La Vida Locash
t must be hard being Moshi Moshi Records. You release an EP from Bloc Party, they go on to a major label and generate unanimous critical hype for their debut LP. You release a record by Hot Chip and EMI soon picks them up for their much stronger follow-up. Can Lo-Fi-Fnk be that far off from a similar fate? When Moshi Moshi releases Boylife later this year, it’ll most likely only be a matter of time: it’s a record in the vein of Hot Chip’s debut and Bloc Party’s EP’s: a record whose highlights are so high that you can almost forgive its weaker moments.
But there are weak moments, so let’s get ‘em out of the way first and get to the good stuff. Closer “The End” typifies a problem that crops up often: some of these ostensibly dance-pop songs simply aren’t danceable. Unless they’re mining the Talking Heads stiff funk playbook and giving into their impulses the rest of the time, tracks like “The End,” “Heartache,” and “City” should just jettison the live(-sounding?) drums. Appeals to authenticity are boring and usually distract—these are no exceptions. Along those same lines, “System” and “Heartache” are the slow numbers and, on a record where the upbeat tracks kill, they suffer in comparison. It’s nice to see the kids thinking album, but no one’s expecting Discovery and they shouldn’t be either.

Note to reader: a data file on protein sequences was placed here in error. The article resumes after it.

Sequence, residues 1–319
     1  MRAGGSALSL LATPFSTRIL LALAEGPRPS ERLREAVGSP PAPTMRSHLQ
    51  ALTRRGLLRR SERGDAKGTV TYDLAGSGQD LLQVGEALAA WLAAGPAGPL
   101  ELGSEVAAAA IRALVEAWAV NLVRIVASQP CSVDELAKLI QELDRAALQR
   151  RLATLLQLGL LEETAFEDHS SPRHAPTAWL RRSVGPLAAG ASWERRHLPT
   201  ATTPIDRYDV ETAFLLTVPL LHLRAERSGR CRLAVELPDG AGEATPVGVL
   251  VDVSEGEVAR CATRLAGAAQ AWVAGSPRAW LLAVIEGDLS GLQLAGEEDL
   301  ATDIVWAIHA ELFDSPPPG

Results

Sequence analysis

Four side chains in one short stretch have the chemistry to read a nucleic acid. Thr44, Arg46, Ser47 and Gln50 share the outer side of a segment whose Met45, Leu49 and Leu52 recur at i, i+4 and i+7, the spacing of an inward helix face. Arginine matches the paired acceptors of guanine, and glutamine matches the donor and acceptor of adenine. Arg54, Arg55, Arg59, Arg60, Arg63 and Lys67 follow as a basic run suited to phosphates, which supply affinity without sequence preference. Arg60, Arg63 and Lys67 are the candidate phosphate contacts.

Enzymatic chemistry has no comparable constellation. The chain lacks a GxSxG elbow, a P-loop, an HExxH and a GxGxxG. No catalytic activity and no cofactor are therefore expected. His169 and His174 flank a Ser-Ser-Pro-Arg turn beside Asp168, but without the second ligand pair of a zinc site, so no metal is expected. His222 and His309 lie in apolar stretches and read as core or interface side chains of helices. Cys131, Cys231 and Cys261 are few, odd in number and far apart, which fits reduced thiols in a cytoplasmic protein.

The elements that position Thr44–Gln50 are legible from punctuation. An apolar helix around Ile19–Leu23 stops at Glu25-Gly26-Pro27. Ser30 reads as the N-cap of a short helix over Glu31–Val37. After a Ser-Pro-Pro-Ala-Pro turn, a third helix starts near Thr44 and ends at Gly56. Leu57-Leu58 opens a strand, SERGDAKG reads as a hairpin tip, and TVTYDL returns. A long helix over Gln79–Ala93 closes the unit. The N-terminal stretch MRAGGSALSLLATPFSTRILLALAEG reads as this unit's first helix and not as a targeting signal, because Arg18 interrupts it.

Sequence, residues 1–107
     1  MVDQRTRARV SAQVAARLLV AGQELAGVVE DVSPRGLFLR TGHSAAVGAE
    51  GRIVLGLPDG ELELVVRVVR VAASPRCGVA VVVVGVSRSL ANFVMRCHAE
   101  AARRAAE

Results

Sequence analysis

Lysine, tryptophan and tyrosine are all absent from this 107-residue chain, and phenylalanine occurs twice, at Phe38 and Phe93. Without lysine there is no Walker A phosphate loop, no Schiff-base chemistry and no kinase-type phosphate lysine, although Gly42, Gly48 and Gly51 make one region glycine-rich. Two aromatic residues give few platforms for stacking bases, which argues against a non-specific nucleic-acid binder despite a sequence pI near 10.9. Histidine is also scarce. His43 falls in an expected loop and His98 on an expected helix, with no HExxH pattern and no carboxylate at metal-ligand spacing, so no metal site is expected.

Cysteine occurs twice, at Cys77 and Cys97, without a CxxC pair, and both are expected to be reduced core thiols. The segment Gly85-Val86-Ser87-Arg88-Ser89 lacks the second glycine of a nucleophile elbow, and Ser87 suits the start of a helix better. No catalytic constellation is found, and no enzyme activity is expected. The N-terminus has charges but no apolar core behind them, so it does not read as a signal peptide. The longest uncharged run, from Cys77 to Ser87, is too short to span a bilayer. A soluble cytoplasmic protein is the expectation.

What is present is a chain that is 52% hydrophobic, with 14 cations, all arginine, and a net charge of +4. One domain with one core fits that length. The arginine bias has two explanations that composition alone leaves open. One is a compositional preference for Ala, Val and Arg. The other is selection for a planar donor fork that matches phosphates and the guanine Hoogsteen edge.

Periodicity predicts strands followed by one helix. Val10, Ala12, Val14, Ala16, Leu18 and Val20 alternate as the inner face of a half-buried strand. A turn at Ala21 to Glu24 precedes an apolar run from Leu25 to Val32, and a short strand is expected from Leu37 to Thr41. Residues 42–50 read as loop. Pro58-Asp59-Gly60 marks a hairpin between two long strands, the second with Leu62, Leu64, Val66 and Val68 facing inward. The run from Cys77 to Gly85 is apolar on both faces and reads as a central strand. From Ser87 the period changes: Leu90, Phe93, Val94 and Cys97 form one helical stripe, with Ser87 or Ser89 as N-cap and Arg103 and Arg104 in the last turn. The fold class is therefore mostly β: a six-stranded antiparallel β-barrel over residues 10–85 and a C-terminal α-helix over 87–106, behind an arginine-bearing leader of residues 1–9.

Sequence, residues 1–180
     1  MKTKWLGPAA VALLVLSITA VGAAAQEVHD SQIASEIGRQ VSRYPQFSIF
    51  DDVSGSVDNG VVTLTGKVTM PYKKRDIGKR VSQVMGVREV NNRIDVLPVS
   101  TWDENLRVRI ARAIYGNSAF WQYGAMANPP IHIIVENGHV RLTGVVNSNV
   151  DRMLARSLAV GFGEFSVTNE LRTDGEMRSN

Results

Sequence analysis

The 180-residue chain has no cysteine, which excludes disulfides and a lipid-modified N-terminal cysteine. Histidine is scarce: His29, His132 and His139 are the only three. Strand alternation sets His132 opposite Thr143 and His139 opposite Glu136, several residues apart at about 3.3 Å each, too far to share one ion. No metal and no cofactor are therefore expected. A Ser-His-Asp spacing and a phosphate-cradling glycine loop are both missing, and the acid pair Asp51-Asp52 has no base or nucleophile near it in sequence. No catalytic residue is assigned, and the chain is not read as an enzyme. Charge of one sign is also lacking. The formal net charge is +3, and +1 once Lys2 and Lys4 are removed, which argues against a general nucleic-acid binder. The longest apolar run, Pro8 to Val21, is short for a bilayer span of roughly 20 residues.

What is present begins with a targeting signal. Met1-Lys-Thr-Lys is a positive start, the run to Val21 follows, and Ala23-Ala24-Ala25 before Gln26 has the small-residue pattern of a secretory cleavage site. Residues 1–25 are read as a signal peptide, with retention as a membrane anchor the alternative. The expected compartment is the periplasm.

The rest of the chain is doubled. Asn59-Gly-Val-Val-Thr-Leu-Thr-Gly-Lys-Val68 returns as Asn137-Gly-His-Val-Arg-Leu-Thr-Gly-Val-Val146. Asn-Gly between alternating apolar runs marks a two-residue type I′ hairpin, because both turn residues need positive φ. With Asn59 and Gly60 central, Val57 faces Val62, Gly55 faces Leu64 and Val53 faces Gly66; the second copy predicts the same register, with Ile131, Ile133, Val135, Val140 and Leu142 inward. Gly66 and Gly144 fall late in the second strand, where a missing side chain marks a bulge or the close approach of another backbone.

Yet. Because despite those flaws, Boylife is the type of record that Daft Punk should’ve put out last year—filled with Kitsuné synths and Junior (not Senior) vocals it gets the up-beat single part exactly right. An anthem to come out to, “Steppin’ Out,” doles out glistening synth flickers and a live-sounding beat that works. “Wake Up”’s beat is even harder, but slows it down a bit and allows the track to stretch out, expand, and become the type of sing-along that 4 AM was made for.
Perhaps the best track on the album is “What’s on Your Mind?,” whose lyrics further suggests that repressed homosexuality is a huge concern to the duo. (“Why don’t you tell us what’s on your mind? / Nothing’s going to change if you keep on whispering.”) A synth lick and a boy’s chorus wrap themselves around the steady beat, as the song utilizes the type of chord progression that automatically elicits “feeling” and “uplift.” It’s the type of trick that, in lesser hands (Moby), would be tedious and cloying. Here it feels like genuine naiveté, undergirded by a healthy dose of enthusiasm.
Stream the entirety of Boylife here.